Study: Single Doctor, Nurse With Dirty Hands Can Spread Germs Throughout Hospitals

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A single doctor, nurse or technician with dirty hands can undo all the good work of an entire hospital staff trained to carefully wash their hands to prevent the spread of infection, French researchers reported on Monday.

This may be especially likely to happen just at the worst time -- when a hospital is overwhelmed with a disaster or a pandemic of infectious diseases and staff are reassigned to cope, the team at France's National Institute of Health and Medical Research or INSERM said.

Their mathematical model may explain some real-world outbreaks, they added in the Proceedings of the National Academy of Sciences.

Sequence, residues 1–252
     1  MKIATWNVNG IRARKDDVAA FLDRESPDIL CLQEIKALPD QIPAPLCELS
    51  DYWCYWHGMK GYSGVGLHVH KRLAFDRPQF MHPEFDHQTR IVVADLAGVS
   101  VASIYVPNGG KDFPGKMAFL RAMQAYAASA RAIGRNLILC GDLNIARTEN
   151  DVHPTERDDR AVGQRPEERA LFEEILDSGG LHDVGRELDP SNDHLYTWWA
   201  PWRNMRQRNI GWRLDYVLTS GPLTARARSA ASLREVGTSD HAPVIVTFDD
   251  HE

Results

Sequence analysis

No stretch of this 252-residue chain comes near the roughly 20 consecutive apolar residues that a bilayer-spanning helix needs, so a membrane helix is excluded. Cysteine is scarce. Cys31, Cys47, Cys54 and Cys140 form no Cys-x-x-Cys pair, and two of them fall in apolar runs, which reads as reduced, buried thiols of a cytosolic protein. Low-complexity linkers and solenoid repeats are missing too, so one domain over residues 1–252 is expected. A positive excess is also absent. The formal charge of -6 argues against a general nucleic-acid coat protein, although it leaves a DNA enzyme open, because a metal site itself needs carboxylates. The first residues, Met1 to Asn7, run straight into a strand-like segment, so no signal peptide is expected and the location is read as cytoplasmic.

Patients often get infected in hospitals with a variety of germs, include methicillin-resistant Staphylococcus aureus or MRSA superbugs. Staff who fail to properly wash their hands are often to blame for these so-called nosocomial infections.

These infections cost billions of dollars to treat and tens of thousands of patients die from them every year.

Laura Temime and colleagues at INSERM used a mathematical model of a hypothetical intensive care unit to try to calculate how this might happen.

One so-called "superspreader" who failed to wash his or her hands, and who traveled about the hospital treating many patients, could greatly raise the nosocomial infection rate, they calculated.

In fact a single traveling radiologist, physical therapist or other worker who failed to properly wash his or her hands after each patient visit could create a rate of infection equivalent to 23 percent of all the other staffers failing to wash their hands, Temime's team calculated.

Infection rates increased by up to three times more when a staffer moving around the hospital failed to wash his or her hands compared with a nurse, for instance, assigned to one ward.

"Our findings may explain several reports of outbreaks that were traced back to peripatetic healthcare workers," they wrote.